Many in Greece and throughout Europe are celebrating Syriza's "victory" in Greece's elections for the European Parliament. Though Syriza indeed finished in first place, a careful analysis of the election results and a comparison with the 2012 parliamentary elections in Greece reveals that talk of a "historic victory" is woefully premature.
By Michael Nevradakis
Reporting from Athens
The European parliamentary electoral contest in Greece on May 25 was accompanied by high hopes, both within Greece and abroad. Within Greece, there were many who viewed the European elections as a "referendum" on the current governing coalition and on the austerity policies that it has been imposing, at the behest of the troika, for the past several years. In many other European countries, voters looked towards Greece in hopes that a clear victory of left-wing and anti-memorandum forces could fuel a continent-wide turn away from the politics of austerity, as well as a rejection of the far-right, which has been making electoral inroads of its own throughout Europe.
As the results of the exit polls were announced, followed by the first electoral returns, many on the left, in Greece and in Europe, began to celebrate. The exit polls predicted a first-place finish for Syriza, with a difference of 3 to 5 percentage points over the right-wing (some would say far-right wing) majority coalition partner Nea Dimokratia (New Democracy). The vote count in the early morning hours of May 26 corroborates the predictions of the exit polls: Syriza is ahead by over three points and is poised to finish in first place in this most crucial of electoral contests.
There are many in Greece, particularly from many of Syriza's supporters and from many of the upstart online media outlets who have adopted a much more favorable tone towards Syriza compared to Greece's mainstream media outlets, who are declaring this not just a major victory for Syriza, but of the left in general. Foreign news outlets, who have often shown their ignorance of Greek politics and the workings of Greek society, have parroted this claim. For instance, the BBC heavily emphasized the major "gains" Syriza made compared to the European parliamentary elections of 2010, when it received just over 4% of the vote.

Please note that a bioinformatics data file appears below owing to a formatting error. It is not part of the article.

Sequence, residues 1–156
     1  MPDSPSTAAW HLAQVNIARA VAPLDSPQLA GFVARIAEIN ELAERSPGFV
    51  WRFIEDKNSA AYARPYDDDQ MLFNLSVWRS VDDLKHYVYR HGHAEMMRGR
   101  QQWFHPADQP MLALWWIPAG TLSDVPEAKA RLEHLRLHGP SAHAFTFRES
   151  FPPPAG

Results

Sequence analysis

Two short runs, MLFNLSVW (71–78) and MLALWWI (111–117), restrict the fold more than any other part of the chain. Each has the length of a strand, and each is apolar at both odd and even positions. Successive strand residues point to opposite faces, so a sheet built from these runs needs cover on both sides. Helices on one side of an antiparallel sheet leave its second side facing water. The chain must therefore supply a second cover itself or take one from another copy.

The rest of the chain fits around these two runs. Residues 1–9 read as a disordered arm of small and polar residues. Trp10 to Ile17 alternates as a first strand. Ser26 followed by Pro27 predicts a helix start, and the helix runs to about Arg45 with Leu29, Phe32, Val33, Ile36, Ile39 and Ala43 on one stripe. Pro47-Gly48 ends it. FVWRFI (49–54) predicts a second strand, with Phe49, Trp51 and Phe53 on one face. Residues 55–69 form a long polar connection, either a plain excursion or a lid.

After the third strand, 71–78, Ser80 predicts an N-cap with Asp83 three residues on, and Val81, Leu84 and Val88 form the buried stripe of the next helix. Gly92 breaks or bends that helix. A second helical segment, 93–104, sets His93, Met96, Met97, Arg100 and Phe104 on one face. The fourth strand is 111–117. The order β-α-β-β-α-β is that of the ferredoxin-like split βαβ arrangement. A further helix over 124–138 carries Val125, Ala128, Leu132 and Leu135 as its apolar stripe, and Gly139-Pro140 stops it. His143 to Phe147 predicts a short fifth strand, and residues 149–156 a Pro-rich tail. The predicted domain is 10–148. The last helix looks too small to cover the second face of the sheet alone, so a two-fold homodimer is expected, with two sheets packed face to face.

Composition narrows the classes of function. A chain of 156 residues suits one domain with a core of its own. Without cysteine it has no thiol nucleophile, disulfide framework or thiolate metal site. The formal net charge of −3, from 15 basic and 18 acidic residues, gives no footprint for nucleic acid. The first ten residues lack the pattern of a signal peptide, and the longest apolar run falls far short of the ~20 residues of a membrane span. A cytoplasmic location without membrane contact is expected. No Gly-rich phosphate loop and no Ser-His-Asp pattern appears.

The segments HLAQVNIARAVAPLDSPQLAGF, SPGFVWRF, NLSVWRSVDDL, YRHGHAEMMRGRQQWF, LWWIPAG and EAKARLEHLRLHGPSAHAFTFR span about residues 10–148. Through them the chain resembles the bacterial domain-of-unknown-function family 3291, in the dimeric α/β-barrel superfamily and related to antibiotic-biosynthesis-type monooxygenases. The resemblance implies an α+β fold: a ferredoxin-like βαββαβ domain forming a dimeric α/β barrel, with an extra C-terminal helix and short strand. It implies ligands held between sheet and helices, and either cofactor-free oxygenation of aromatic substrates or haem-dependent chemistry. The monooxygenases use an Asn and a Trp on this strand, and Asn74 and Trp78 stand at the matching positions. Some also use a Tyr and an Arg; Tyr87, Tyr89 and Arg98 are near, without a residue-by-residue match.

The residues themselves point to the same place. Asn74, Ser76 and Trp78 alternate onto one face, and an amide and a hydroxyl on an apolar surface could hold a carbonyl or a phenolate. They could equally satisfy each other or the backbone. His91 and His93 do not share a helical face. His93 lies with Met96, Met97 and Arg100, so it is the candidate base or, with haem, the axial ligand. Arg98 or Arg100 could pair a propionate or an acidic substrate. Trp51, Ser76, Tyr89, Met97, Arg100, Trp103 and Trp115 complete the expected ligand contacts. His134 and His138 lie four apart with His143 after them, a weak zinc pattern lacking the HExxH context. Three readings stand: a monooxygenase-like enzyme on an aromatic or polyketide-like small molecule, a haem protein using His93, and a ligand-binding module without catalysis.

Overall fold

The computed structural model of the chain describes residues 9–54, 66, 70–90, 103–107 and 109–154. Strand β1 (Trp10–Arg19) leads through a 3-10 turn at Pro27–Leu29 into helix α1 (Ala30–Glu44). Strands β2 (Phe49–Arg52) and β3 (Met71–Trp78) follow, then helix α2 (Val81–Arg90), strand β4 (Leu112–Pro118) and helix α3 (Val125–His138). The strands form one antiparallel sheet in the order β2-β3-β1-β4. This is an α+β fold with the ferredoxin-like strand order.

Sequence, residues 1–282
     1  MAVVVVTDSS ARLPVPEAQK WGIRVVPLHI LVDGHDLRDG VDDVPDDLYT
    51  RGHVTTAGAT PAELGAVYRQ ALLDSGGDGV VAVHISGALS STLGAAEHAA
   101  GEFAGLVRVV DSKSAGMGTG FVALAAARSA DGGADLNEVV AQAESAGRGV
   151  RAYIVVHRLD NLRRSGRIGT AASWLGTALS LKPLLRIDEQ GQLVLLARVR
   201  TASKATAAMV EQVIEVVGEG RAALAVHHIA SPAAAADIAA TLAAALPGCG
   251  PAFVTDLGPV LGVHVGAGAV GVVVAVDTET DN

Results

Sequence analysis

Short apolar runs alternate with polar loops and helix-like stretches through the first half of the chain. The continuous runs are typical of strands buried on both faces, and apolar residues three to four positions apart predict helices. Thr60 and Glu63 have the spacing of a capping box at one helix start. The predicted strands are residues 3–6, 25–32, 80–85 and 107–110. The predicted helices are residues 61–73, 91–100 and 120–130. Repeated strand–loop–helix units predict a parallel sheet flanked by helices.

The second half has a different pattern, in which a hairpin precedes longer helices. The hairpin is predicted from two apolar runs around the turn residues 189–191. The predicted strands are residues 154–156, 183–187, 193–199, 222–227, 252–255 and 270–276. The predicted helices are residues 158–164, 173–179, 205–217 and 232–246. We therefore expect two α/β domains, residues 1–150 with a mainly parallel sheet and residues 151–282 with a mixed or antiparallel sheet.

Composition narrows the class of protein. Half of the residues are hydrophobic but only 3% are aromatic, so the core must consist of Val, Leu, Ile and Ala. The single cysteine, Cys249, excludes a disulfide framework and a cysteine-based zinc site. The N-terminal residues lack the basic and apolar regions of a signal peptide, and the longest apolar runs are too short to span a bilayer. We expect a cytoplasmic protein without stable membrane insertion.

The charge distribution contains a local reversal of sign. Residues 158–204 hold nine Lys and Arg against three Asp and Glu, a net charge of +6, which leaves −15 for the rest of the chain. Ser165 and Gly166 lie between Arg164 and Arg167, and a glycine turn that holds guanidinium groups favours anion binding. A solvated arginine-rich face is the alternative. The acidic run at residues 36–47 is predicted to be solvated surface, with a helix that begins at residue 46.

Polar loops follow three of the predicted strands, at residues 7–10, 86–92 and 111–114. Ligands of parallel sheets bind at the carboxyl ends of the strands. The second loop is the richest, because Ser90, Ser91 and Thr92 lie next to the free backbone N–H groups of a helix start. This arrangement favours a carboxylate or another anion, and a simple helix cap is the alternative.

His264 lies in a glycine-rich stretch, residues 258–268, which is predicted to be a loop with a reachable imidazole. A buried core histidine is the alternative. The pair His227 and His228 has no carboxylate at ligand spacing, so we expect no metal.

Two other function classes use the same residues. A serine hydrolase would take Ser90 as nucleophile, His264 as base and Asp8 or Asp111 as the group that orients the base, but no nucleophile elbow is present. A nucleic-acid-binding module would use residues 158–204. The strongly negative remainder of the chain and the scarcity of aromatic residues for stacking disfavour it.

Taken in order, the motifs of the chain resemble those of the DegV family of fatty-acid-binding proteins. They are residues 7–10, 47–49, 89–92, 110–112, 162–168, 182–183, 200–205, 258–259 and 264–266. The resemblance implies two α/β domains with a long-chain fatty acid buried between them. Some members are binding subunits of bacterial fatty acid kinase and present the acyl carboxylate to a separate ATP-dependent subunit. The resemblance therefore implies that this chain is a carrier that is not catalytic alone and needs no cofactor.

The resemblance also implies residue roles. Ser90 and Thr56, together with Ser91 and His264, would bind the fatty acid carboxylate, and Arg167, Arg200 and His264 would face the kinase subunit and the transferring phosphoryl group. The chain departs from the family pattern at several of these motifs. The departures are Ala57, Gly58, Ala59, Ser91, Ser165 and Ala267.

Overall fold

These celebrations and the accompanying declarations of victory for the "left" and for "anti-European" forces are not just premature, they are silly and come in conflict with reality. Let's look at the facts:
- Compared to the most recent national electoral contest in Greece, the Greek parliamentary elections of 2012, Syriza has actually declined, falling from 26.89% of the vote in the elections of June 2012, to 26.5% with approximately half of the ballots counted in the 2014 European elections. Even if Syriza manages to catch up to its June 2012 percentage or even slightly surpasses it in the end, this can hardly be seen as a success.
- Nea Dimokratia, after two years of harsh austerity, after having broken each and every one of its campaign promises from prior to the 2012 elections, after being rocked by scandals and after supporting numerous hugely unpopular measures, still finishes comfortably in second place, and only 3.5% behind Syriza. Syriza's "victory," if it could be said to be a victory, is hardly a landslide, nor is it a clear mandate for change.
- "Elia," the coalition which is mostly comprised of and supported by members of co-governing PASOK, surpassed perhaps even its own expectations, as well as the predictions of many polls (which are usually seen as being generous towards the governing and pro-memorandum parties), surpassing 8% of the vote and finishing in fourth place. This result has given a new burst of energy to a party which many in Greece had written off as being on its deathbed.